Through a previous study it had already been concluded that the Valley had two problems in the soils: high compaction and low air capacity. One of the reasons why this situation occurs is excess water. Therefore, managing these variables is essential when trying to increase the productivity of the table grape category.
The rootstocks that performed best in the experiment were Richter and Freedom, which when in conditions above 15% in air capacity showed a substantial increase in their productivity. An example is that, in a farm with ungrafted plants, the average production is 1,770 boxes per hectare, while in one with rootstock the average increases to 2,271. Richter is the one with the highest productivity with an average of 2,900 boxes per hectare. "A particular situation that occurred in the third season is that Richter decreased his performance and frankly increased it."
Gabriel Sellés He concluded at the round table that today concrete demands on the quality and condition of the fruit, in addition to environmental and social demands, can no longer be ignored. One way of being able to provide solutions to these requirements is with our own technologies and this is generated with joint work between producers and INIA, such as the one we have carried out for almost 17 years in the Aconcagua Valley. We have found here an enormous opening on the part of the producers and exporters, they have allowed us to do the experiments in their fields, causing them at times inconvenient in their harvest periods. I believe that the synergy that we achieve is a lesson to continue, especially if we want to maintain a technological level and export activity in the future. The associated work of research organizations and producers is vital and has to be very close. Sometimes it is difficult to understand agricultural producers, what we do recognize is that they are in this because it is a business but essentially because they like it and it is an activity that makes them happy ”.
Jennifer Hashim, consultant and researcher for the Andy Walker program in California, He explained about the experience in the tests of rootstocks in the USA where, although the soil and climate conditions are similar to those of Chile, the challenge is to find the perfect combination of variety and rootstock that is resistant to nematodes.
In his research, the Saltcreek rootstock, also called Ramsey, appeared as one of the patterns that best suited the soil conditions (with high salinity) and resistance to nematodes. In addition, he commented that today we not only seek to have resistant plants, but also that they are vigorous, that generate fruit of good color and flavor.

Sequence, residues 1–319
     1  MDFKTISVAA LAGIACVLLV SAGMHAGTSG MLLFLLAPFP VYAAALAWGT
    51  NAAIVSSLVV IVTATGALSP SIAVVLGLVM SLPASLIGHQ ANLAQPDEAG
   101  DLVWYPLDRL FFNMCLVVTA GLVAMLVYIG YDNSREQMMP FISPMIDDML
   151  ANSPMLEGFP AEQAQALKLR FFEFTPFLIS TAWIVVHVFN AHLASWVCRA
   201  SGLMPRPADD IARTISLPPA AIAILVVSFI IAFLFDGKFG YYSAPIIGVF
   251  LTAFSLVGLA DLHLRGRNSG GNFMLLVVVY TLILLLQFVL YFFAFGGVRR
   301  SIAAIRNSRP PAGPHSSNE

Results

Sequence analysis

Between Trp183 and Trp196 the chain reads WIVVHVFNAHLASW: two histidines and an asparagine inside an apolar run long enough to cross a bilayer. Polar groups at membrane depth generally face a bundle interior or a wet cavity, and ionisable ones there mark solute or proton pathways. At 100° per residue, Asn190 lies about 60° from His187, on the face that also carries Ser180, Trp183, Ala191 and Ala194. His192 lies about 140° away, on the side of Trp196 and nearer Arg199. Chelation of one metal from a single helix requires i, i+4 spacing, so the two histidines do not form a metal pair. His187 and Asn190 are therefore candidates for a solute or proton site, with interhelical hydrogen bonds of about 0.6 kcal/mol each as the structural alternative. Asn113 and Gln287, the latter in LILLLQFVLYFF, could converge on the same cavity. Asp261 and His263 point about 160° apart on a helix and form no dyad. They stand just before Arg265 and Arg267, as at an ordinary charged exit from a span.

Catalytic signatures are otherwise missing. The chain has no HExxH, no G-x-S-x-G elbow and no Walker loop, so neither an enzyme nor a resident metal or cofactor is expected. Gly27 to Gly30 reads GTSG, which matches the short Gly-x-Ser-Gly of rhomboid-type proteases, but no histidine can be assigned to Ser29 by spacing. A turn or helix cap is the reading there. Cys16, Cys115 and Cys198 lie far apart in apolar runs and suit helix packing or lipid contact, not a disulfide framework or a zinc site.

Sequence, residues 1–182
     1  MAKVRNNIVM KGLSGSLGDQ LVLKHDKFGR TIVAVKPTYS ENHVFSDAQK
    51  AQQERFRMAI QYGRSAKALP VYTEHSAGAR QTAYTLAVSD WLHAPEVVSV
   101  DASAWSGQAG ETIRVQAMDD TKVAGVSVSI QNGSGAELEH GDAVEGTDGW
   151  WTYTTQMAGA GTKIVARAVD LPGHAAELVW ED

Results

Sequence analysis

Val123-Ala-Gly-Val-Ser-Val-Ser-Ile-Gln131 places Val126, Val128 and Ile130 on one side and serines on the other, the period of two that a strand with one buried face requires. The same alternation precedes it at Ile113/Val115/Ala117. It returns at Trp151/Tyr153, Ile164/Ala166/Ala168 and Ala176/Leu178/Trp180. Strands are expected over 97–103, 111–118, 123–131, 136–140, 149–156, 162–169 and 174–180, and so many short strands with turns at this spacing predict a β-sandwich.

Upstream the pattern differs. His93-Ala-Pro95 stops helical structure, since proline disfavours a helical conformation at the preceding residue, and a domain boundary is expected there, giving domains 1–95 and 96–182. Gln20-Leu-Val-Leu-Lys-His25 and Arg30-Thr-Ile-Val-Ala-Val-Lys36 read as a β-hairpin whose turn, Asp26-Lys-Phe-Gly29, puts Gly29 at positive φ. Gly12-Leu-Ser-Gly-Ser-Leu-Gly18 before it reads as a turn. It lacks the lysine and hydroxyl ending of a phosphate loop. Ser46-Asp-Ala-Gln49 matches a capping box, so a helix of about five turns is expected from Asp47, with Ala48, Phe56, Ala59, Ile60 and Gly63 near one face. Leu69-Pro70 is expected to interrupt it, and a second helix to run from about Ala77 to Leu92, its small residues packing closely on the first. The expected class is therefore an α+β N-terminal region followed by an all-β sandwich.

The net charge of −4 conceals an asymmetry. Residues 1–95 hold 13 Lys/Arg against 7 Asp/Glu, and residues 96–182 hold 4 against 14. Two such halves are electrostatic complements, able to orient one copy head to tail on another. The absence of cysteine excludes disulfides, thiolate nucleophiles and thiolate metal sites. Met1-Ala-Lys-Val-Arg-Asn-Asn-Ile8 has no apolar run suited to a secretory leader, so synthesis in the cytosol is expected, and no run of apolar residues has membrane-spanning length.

Pieter Raath, researcher and academic at Stellenbosch University in South Africa He said that South Africa over many years has chosen two patterns to use that perform best in most conditions. “Today the 80% of the farms with new plantations are with rootstocks from Ramsey (Saltcreek) or Richter. We have simplified things by taking care of two rootstocks that have given us good results. This has been a long job and I believe that Chile has the advantage of knowing these experiences and being careful to make less mistakes. Of course, our soils are different from those of Chile. The approach that has been given to the standards in Chile is that they are not vigorous, that there is a good affinity between the standard and most of the varieties. Ramsey is probably too vigorous for the conditions in Chile. “When I have spoken with friends in Chile they tell me that their biggest problem is that they have a lot of fruit that falls and we do not have these problems thanks to the rootstocks, which make the plants much more vigorous. It is very difficult to select a certain pattern because there are many factors that must be taken into account. So the message is to choose very wisely and test different samples.
Your opinion regarding the Chile study. “I am very impressed by the support it received from the industry. Paulsen could be good for Chile, Richter 110 too. I am very in favor of what Dr. Sellés said about irrigation management. It is true that when a lot of water is extracted from the soil, the size of the berry decreases. What Dr. Sellés did not mention is that vegetative growth is diminished by the effect of reducing the water content of the soil. We asked him if he thought this was important in the case of vigorous rootstocks that can be a problem for us, that by reducing the water content we could reduce that vigor. Said it wasn't important.
We asked you about the existence of breeding programs in your country. He said, “30 or 40 years ago there were programs. Now there is no reason why the industry thinks that it is not important to invest in genetic improvement ”. You know about Andy Walker's work in California. In South Africa they are considering trying these varieties although they believe that conditions in South Africa may not be the same in the USA.
He also knows of the existence of works that a Hungarian researcher has been developing for 4 years, who works in a program for the genetic improvement of patterns in wine grape varieties. But do not know the details.
“It seemed like a seminar with a good technical and agronomic level. Rootstocks and new varieties are relevant topics for an industry in Chile that needs to prepare for the next 10 or 20 years. We saw how South Africa has been working with rootstocks for 100 years, they have Ramsey and Richter 110. Pieter Raath mentioned more than 43 species that they have tested. However, in our country, rootstocks have been tested in recent years, but with more interest and data in the last decade. Therefore, this is a tremendous kick for what awaits us because the industry needs to adapt to the new varieties and the new rootstocks that have to support these varieties. Even more so considering that the market requirements of these new varieties come from the hand of those who produce them. Remember that they are made by US companies, which are the ones that produce varieties to consume them. We as suppliers have to test those varieties for our condition. The information delivered in this seminar gives a tremendous kick to the research and it is to be expected that it will be replicated for other areas of the country because it is vital for the industry ”.
“The quality of the presentations and the results that have been shown have been very interesting. For the first time, tools have been shown that can be used in our fields in production to improve the profitability and sustainability of table grapes in the valley. The guests who have exhibited have been a very important contribution. I have had the opportunity to share with foreign exhibitors who have a great knowledge in the production of grapes on rootstocks. I congratulate INIA for this project closing seminar ”.
More information Eliana San Martín C., Periodista, M.Sc. Head of Communications INIA La Cruz, e-mail: 321780 annex: 2243.